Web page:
Being in pain, and wanting help, are not the same thing. When I was actively drinking, I was in a lot of pain. It was mostly emotional, but I had particularly awful hang overs, even when I didn’t drink very much, so I suffered physically too. Over the years, I tried everything that I could think of to change this. I tried all sorts of ways to control my drinking. At one point I switched from white to red wine, thinking that since I disliked red wine so much, I’d drink less. And I did, for about a month, until I acquired a taste for dry red wines.
I tried everything I could think of… short of stopping. That was out of the question. I didn’t want to imagine a life without alcohol, and if I did think about it, all I could see were endlessly boring days and years, lacking color, vitality, fun, and sparkle. A sober life was, in my mind, no real life.
I was in a lot of pain, but I didn’t want help. I wanted to feel better physically and mentally but I wasn’t open to real change. One day that changed. I’d tried every which way to keep alcohol in my life and nothing worked. It wasn’t fun anymore…hadn’t been for a long time. I was disgusted with myself for the things that I said and did when I drank. I was embarrassed by my lack of control. I hated the way I was living (mentally) even though all of the outside stuff looked pretty good. I hated myself. I was in despair. And that was enough.
I didn’t have to go to church, get on my knees and pray, or cry out to God; all things which would have been out of the question anyway, since at that point in my life (I was 30 years old) I considered myself to be an atheist. I truly don’t know what happened in that moment, but something made me decide to go through a weekend without drinking, and then to extend it another 5 days. I also didn’t make a plan for what I’d do (to reward myself) at the end of my period of abstinence: something that I had frequently done in the past.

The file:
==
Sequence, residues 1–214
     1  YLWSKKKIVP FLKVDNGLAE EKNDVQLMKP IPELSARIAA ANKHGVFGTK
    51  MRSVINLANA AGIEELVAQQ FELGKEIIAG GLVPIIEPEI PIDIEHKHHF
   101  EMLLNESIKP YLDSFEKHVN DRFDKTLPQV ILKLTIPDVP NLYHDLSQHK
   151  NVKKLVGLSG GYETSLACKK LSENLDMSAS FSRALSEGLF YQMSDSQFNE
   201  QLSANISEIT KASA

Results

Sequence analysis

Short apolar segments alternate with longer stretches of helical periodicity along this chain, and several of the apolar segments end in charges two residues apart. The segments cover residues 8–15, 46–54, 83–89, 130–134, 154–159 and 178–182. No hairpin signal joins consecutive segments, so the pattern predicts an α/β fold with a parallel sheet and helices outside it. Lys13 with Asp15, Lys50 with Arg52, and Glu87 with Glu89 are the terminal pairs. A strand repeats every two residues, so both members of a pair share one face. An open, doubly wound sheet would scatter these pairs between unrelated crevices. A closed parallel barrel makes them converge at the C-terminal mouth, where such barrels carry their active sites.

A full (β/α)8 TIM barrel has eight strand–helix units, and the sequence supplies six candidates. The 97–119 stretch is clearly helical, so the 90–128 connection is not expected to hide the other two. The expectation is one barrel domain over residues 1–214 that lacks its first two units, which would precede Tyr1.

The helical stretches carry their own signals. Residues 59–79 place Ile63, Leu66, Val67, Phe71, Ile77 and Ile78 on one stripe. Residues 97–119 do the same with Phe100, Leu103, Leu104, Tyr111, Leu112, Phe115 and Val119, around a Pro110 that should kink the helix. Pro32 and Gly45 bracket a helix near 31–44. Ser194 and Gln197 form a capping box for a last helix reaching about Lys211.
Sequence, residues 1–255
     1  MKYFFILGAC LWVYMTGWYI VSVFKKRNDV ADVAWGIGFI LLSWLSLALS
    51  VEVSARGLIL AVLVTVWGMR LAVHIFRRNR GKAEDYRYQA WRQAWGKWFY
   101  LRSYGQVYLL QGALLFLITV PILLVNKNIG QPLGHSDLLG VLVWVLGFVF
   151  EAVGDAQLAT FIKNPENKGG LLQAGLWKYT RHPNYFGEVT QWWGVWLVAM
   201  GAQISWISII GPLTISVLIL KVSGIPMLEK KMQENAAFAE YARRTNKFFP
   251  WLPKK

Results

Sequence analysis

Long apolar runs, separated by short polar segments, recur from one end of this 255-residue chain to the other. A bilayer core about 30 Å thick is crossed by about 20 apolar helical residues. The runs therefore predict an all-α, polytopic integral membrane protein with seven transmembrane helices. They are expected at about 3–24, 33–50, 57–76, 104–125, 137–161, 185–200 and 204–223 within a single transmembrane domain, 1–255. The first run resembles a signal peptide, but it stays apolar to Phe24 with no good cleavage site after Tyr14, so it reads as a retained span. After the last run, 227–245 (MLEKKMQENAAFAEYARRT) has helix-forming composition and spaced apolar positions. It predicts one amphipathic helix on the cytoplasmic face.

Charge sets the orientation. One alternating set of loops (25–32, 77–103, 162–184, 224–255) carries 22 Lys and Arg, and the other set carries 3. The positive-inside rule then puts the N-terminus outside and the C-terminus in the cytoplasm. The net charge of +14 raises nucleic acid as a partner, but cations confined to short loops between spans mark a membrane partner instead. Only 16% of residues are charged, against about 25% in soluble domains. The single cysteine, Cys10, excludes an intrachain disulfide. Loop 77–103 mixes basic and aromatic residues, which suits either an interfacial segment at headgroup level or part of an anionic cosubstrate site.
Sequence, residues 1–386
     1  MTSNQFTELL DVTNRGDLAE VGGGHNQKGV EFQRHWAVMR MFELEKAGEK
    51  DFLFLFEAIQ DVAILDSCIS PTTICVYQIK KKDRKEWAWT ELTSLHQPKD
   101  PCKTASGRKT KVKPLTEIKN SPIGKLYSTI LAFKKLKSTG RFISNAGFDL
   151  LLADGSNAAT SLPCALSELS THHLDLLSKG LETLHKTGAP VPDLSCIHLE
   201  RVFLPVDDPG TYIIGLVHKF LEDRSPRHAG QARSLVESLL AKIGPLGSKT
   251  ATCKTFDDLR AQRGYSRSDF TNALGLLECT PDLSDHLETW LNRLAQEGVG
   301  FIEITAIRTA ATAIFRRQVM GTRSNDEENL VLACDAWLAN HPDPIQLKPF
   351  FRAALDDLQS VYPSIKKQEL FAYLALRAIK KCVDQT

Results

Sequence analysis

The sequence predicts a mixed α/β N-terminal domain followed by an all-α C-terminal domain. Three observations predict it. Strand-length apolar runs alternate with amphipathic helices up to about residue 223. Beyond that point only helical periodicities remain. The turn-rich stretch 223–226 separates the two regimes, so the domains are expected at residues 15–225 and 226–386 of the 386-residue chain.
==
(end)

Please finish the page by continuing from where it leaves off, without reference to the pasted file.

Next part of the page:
I let go of my big ideas, just long enough for a much bigger idea to come in from someplace beyond my conscious mind, and that thought was, “You are an alcoholic and you need AA.” Was it the Grace of God?…probably, although I wouldn’t have called it that. A miracle?….maybe, but I didn’t believe in miracles. It just felt like the next right thing to do. It wasn’t my idea but I trusted it, and I followed it. And it led me out of hell.
When I see someone in pain, my natural inclination is to want to help, but I can’t help anyone who isn’t ready, anymore than anyone could have helped me before I surrendered inside. Once I was really ready, there was more help available, and instantly available, than I could have dreamed of. It was there all along, but I wasn’t ready to see it until I had exhausted all of the options that I thought made sense (and ones that I liked).
Being at a place in our lives where we feel like we don’t know what to do can be a huge turning point. Hitting an emotional bottom, feeling like we have no answers and can see no way, can be the greatest day of our lives. “I don’t know what to do, but I want help”, can be the greatest words we ever say, or think.
“Nothing in the universe can stop you from letting go and starting over.” Guy Finley